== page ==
What Are the Most Common Defenses Used in New Jersey Car Accident Claims?

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When you are involved in a car accident, understanding what happens once you file a claim is crucial. In many instances, the liable party you file a suit against will likely hire an attorney to defend them from wrongdoing. Though this is frustrating, understanding the common defenses used can help you better prepare for this occurrence. Hiring Monmouth County auto accident attorneys can help you receive the justice you are entitled to when injured due to another party’s negligence. Keep reading to learn the most common ways one will try to evade responsibility.

What Common Defenses Do Those Responsible for an Accident Use?

Unfortunately, even when an accident seems indisputable, a negligent driver will likely do everything possible to avoid responsibility. This includes trying to spin the blame on you. For example, they may try to say you were partially to blame for the accident. New Jersey follows a modified comparative negligence statute, meaning if you are found 50% or more liable for an accident, you cannot recover damages. This means if it’s determined that you are 25% responsible for the accident, the damages awarded to you would be reduced by 25%. In many instances, the driver who was negligent will likely try to claim you contributed to the accident to lessen the damages they must pay you.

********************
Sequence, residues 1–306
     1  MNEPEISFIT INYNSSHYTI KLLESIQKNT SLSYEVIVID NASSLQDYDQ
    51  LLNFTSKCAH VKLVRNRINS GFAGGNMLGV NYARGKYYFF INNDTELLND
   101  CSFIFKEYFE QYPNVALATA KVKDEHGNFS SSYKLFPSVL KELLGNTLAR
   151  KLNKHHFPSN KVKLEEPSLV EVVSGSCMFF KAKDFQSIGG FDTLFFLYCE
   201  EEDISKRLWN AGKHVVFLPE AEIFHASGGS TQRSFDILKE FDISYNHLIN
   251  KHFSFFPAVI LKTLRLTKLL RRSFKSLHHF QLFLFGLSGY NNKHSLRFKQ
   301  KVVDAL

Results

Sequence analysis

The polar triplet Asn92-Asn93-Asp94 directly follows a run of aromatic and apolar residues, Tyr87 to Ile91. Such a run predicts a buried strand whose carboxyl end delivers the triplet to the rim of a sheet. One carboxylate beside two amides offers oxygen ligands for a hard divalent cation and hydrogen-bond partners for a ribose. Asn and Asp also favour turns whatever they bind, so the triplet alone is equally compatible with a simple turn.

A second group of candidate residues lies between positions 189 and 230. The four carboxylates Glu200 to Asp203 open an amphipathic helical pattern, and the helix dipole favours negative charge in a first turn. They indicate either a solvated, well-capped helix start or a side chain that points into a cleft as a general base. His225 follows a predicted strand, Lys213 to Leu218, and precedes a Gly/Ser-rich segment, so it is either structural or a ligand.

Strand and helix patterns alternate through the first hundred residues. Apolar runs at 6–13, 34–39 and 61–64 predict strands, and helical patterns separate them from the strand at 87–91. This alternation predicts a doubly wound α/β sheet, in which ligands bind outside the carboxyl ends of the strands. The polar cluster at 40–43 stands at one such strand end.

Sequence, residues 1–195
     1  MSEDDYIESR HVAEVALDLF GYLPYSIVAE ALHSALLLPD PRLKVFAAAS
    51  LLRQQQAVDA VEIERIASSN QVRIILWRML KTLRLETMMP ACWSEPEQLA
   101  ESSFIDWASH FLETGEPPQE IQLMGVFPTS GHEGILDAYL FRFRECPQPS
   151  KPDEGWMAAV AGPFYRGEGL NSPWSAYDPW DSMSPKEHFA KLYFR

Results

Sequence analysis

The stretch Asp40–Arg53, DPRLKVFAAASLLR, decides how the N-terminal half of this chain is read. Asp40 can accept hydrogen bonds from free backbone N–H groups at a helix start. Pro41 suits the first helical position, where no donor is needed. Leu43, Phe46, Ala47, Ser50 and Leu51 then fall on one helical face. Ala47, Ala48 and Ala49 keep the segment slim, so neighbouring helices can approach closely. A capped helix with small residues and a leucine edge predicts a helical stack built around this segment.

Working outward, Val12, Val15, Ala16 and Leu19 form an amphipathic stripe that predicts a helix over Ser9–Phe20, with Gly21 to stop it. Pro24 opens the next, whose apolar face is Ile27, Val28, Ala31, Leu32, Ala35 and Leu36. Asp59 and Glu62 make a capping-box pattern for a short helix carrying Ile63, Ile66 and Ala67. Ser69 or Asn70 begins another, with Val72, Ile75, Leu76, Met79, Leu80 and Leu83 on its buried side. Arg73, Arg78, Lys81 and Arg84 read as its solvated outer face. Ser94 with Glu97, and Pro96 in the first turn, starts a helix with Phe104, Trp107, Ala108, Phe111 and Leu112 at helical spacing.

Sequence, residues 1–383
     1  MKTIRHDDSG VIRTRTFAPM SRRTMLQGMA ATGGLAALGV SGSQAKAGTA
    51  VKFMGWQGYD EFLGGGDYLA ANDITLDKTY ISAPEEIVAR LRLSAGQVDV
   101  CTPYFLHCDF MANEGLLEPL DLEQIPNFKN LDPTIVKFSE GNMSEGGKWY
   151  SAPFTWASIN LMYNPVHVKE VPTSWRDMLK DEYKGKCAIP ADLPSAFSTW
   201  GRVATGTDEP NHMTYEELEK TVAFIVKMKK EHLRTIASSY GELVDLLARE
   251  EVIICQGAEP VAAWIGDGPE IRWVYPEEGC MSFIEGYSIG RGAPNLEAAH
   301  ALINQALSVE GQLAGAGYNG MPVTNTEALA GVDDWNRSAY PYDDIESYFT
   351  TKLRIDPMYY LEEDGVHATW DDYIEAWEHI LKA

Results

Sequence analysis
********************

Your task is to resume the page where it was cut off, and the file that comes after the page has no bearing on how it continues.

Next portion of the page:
Another claim that negligent drivers will use when defending themselves in a car accident case is that your failure to see a doctor or posts on social media negate the severity of your injuries. Unfortunately, when you do not visit a doctor immediately following an accident, the defense may claim that your injuries are not as severe as you are making them out to be. Similarly, if you frequently post on social media, they may use this as evidence that your injuries are not severe since you have not experienced the loss of enjoyment of life.

What Can I Do to Help Improve My Case?

The most important thing you must do following a car accident is to contact emergency services. Not only does this allows you to collect a police report from the responding officers, but you can request medical attention. This establishes care for the injuries sustained in the accident. If the injuries are not life-threatening, you should visit your primary care provider immediately following the collision. The sooner you establish care and receive treatment, the better.

If possible, you should take as many photos and videos of the scene as you can, as this can be used as evidence in a claim later on.

When you’re hurt, the Wilton Law Firm can help. Our legal team will work tirelessly to fight for the best outcome for your needs. Contact us today to learn more about how we can help you navigate your personal injury claim.